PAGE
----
Players have the freedom to create the matches they want to play, at least. Custom settings let you toggle infinite ammo, one-hit kills, hero abilities, loadout weapons, and bandages for healing. You may even host these modified matches for the public. And after you have tasted the rush of sliding beneath opponents' insta-kill sword swings to gib them with quadruple shotgun damage, you will never want to join ordinary Showdowns again.
Speaking of, the game types contain a hint of Arrowhead magic, too. Showdown represents your typical deathmatch, but the final seconds throw every player into a last-man-standing battle for the top of leaderboards. Team Elimination and Expendables, on the contrary, require the aid of others. In Team Elimination, the respawn times increase for every player’s death. While you may perish once or twice during a match, the end outcome can be disastrous when your allies have died somewhere in the double digits, leaving you with a respawn time of several minutes.
Only in the movies could someone with an axe pose a challenge to someone with a minigun.
Expendables is similar, though only for the hero team. The other players wear the suits of henchmen, respawn immediately with random weapons, and must eliminate all the enemy heroes before they revive. The final mode remains my least favorite. While One Man Army grants each player a turn to destroy as many henchmen possible in one life, seven people vying for the same target with friendly fire (which cannot be turned off) leads to numerous instances of team killing.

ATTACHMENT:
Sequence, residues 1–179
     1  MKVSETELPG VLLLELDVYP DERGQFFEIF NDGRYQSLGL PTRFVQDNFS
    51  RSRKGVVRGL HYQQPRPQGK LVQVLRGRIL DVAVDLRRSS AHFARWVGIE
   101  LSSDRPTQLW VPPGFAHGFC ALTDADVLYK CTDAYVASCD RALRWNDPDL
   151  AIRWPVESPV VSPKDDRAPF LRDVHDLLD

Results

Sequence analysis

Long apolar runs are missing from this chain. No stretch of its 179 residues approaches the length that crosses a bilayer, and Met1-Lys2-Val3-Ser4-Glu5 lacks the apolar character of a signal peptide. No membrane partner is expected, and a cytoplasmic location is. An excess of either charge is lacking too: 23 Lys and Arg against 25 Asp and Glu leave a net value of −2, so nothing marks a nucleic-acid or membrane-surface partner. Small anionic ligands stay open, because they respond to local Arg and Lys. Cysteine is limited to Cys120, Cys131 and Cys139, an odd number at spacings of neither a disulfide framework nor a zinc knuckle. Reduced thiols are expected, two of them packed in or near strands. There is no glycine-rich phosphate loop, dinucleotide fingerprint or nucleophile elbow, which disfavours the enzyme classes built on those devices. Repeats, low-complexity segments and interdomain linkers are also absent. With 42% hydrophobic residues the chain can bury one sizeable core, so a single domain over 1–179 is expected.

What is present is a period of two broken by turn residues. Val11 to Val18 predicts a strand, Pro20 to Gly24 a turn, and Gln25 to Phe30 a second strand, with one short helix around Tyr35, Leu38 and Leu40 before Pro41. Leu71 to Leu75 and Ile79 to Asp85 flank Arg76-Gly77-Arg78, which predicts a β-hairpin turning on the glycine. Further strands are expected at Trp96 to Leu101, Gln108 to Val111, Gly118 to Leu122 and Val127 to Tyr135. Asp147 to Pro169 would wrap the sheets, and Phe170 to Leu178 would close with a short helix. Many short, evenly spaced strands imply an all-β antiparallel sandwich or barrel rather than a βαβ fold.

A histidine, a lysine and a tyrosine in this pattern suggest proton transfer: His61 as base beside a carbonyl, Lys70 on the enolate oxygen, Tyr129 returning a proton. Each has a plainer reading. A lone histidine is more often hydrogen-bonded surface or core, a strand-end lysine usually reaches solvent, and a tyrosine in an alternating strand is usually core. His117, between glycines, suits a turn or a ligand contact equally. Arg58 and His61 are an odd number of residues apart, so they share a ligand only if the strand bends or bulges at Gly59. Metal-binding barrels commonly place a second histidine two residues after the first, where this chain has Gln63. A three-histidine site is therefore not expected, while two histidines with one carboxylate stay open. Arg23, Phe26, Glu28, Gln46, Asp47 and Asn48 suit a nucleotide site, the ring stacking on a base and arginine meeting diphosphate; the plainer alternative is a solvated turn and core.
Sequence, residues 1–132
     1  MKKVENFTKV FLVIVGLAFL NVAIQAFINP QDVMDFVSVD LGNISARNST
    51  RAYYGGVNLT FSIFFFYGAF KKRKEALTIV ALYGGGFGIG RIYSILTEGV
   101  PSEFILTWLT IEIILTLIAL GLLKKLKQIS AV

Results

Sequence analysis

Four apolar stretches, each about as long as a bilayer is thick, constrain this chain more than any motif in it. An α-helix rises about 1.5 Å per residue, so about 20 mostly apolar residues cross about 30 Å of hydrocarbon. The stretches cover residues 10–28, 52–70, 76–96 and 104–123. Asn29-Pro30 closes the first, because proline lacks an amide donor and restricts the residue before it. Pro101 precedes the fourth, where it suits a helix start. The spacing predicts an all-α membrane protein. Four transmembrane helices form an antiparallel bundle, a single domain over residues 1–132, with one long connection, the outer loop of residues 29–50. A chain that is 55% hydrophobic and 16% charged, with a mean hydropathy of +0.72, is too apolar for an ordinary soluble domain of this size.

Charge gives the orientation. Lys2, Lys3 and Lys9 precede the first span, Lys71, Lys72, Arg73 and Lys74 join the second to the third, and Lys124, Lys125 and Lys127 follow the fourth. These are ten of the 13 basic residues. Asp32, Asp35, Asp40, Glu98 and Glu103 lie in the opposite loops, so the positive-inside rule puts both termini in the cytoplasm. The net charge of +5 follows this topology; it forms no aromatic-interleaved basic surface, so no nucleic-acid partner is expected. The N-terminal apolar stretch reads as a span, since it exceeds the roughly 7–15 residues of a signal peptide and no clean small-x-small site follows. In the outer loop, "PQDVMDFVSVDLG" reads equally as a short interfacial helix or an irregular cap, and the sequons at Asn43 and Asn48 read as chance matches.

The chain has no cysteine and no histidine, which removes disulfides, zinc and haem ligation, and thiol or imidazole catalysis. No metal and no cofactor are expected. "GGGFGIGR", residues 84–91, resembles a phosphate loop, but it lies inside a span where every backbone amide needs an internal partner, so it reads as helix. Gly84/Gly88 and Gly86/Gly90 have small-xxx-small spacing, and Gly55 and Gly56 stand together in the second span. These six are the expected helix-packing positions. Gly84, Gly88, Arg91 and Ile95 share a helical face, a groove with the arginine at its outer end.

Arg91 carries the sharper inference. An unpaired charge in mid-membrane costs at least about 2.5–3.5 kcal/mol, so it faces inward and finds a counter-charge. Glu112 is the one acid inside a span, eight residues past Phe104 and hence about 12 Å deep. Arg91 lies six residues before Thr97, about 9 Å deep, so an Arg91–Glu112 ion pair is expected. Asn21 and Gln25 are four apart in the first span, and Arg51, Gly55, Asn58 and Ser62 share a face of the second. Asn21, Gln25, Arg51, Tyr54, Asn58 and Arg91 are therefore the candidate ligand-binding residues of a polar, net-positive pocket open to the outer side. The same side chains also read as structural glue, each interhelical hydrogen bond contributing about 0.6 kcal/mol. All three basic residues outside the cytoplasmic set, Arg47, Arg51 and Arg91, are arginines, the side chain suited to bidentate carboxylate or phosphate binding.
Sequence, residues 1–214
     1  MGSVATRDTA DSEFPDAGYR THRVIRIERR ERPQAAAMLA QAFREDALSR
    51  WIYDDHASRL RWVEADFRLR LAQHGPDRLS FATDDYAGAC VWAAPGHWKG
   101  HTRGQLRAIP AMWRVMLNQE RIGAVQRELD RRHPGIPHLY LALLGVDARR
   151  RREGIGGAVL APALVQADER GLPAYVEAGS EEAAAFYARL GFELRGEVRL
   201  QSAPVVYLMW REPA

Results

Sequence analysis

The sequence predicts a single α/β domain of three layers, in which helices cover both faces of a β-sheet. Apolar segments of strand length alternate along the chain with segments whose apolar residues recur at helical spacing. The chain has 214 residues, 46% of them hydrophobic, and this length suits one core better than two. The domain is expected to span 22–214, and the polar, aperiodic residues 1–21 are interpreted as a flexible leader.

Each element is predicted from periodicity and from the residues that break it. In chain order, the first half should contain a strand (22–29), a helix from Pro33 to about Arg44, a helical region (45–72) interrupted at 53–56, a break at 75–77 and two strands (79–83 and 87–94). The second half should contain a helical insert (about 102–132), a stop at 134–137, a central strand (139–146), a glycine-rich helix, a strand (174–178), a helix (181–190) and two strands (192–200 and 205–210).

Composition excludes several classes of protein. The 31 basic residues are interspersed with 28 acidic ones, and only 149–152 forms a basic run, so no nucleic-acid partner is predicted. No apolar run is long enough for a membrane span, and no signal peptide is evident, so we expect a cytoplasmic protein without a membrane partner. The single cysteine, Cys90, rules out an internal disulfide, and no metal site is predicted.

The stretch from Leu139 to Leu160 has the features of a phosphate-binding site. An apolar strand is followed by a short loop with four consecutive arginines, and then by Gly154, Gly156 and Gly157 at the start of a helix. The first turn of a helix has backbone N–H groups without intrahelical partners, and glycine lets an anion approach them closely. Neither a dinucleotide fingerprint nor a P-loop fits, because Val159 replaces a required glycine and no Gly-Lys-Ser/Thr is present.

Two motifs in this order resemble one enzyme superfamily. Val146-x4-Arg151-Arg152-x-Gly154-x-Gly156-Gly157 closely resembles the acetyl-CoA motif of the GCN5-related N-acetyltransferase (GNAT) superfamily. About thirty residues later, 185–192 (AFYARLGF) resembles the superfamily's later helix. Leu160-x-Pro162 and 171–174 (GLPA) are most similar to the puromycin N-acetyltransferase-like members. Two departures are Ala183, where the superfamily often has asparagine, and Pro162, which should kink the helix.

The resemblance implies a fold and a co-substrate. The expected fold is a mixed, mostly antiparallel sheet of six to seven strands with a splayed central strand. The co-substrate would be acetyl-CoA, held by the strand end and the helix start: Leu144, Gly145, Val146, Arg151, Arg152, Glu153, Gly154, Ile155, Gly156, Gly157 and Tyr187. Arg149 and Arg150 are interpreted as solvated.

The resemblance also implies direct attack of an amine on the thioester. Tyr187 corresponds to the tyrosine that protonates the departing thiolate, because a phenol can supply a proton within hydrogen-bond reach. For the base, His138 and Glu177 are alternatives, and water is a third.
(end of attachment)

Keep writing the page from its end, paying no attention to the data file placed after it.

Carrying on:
The Showdown Effect also supports built-in streaming through Twitch.tv once you link your account. Although my download and upload speeds do not meet the acceptable requirements for a less-than-choppy stream, that’s no fault of The Showdown Effect. Rather, I have not been able to join a ranked match (due to the broken matchmaking) since the final days of the beta, an unfortunate circumstance that has carried over to the retail product.
Online-only titles tread a thin line on the PC; they are literally a dime a dozen. Most rarely succeed until they go free-to play, but I hope The Showdown Effect is the exception. Minus some latency and matchmaking issues, Arrowhead’s charm pokes through every gameplay and visual crack. Tackling an opponent down an elevator shaft, dodging his dragon kick, and countering with a decapitating swing of your sword captures the unadulterated nonsense of ‘90s action movies. Whether you claw your way to top of match leaderboards with panache, or fight at the bottom of the ladder with blood and tears, The Showdown Effect breeds a multiplayer experience as entertaining as it is competitive.
Publisher: Paradox Interactive
Developer: Arrowhead Game Studios
Release Date: March 5, 2013
Number of Players: 2-8 (Multiplayer)
Platforms: PC (Reviewed)